Monday, November 22, 2010

Pondering Potential Retail at Roosevelt Collection

Many peeps have been quite interested in the development around Roosevelt Collection. Yes, foot traffic has picked up ever since the Kerasotes movie theater opened and the condos-turned-apartments began welcoming tenants. An article from YoChicago in July noted that 95% of Roosevelt Collection was leased and that 85% was occupied. Pretty impressive numbers.


But the biggest and in our opinion most frustrating part of the development has been the lack of news around the retail in this building. Yes, we know about the "1.3 Million square feet" of retail space, but we haven't heard anything else really. Initially we heard retail would open in summer or fall of 2010. Then in Dec of 2009, we heard retail might open in late 2010 or early 2011. Last we heard in regard to the retail was in the YoChicago article from July which said:

The leasing staff still isn’t divulging any information about which retailers will be following Kerasotes into the development’s commercial spaces, except to say that about half of the retail space is under contract, and that occupants are expected to arrive in the next 12 to 18 months.

So 12 to 18 months would mean retail would open sometime between July 2011 and January 2012. Wow, that's still a long time away.


Anyway, enough with the frustrating news. Let's talk about potential. Back in December of last year, we asked readers to post comments about what they would like to see in this retail space. We got a wide range of 'dream' stores like Crate & Barrel, Trader Joes, Peets, Fox & Obel, CB2, Intelligentsia, American Apparel, Ulta, Sephora, Wishbone, Borders, Buffalo Wild Wings, Dick's Sporting Goods, and so on. Although some of these places seem like a long shot, our fingers are crossed.

Another way to look at this is to see who Centrum Properties has worked with in the past. As you may or may not know, Centrum also built a building on North Avenue called "North Avenue Collection", sound familiar? Within this building you will find some of the following retailers:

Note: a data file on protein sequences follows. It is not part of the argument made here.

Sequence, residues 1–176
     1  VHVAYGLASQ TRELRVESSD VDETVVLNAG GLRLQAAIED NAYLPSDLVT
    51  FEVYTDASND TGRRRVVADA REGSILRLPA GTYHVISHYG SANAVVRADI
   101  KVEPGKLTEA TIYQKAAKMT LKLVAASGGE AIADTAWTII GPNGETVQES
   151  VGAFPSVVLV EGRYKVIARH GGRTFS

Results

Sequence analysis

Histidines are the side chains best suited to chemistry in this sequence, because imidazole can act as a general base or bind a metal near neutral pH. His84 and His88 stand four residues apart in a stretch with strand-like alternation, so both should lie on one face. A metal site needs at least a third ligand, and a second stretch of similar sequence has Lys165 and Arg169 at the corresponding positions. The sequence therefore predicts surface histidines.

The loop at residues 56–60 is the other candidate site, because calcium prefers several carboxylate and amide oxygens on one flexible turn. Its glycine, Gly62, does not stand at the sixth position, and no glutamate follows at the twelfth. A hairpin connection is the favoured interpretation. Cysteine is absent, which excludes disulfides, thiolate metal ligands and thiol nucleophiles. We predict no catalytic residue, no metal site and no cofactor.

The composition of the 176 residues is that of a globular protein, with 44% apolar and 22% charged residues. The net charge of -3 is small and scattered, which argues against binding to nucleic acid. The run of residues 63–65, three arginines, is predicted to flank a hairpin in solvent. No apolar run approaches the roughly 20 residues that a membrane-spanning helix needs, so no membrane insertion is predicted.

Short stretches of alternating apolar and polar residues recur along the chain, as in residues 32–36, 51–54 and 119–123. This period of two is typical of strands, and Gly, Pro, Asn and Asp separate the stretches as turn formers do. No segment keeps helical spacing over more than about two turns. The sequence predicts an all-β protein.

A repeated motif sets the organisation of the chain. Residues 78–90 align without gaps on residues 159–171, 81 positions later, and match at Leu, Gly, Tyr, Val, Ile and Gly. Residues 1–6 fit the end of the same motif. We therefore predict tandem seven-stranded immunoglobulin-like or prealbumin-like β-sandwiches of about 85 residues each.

• California Pizza Kitchen
  • Gap
  • J. Crew
  • Banana Republic
  • Express
  • Victoria's Secret
  • Crunch (closed)
  • Urban Oasis Spa

As far as we know, all of these retailers have locations on the Magnificent Mile or somewhere up North, but they don't have much representation on the South Side (or State street shopping). We would love to see them come to the Roosevelt Collection. Centrum has also worked on other developments and according to their website other retailers such as Borders, Qdoba, Verizon.

(Image from Centrum Properties Websites)

32 comments:

Anonymous said...

None of those stores are coming to RC. Please stop trying to compare North/Clyborn to Roosevelt/Canal. Apples and oranges. Night and day. Black and white.

Anonymous said...

I think a CB2 would be great! We need a home furnishing store in the area.

Anonymous said...

I completely disagree with you anon, this is a East/West street that is/has become a major big box magnet. People from the city, and the surrounding South and West neighborhoods flock to roosevelt to get basic merchandise. (Just like north and clyborn coridor serves lincoln park, lakeview, bucktown and gold coast. Same principle...I bet that's what Centrum properties was thinking when they began Roosevelt Collection.

Anonymous said...

Not sure I understand the comparison, other than the developer, but I do think all of the mentioned retailers are relevant to the discussion.

Anonymous said...

I think if they keep the underground parking lot free for customers, business will do well in this development. From my experience in the area, I've noticed that as long as a good product is offered, business seems to do okay. Whole Foods, Jimmy Green's Tavern, Yolk, DSW, etc. all seem to do very well in this area.

Anonymous said...

The developer is asking for TIF money to build out the storefronts so they can bring in retail. What do people think -- should we subsidize the empty space to bring in retail and in effect reward the developers who were caught short when the economy when south? Without tax dollar help I doubt you see any new merchants coming in until the economy turns around.

Should have been on Michigan Ave said...

And not one goes to those shops on Clyborn.

IMO An urban commercial development failure. This should have all been fronted on South Michigan Avenue as:
A. Takes advantage of a prominent street address
B. Takes advantage of existing public transportation infrastructure for access.
C. Builds critical mass that would have helped other
businesses on Michigan Ave and visa versa

Anonymous said...

I'm torn on the TIF comment. If Roosevelt continues to develop as the "southern retail" corridor for big box shopping (ie like North Avenue corridor has developed for the Northern neighborhoods), I think this would be a good thing for the South Loop in general. People would come to Roosevelt and as a result other businesses around the area would benefit. In this case I would say TIF dollars would help the entire neighborhood and as a result should be given.

I wish we could do something like TARP. Give Centrum TIF but get paid back down the line when they're doing better...not sure if that's possible

Anonymous said...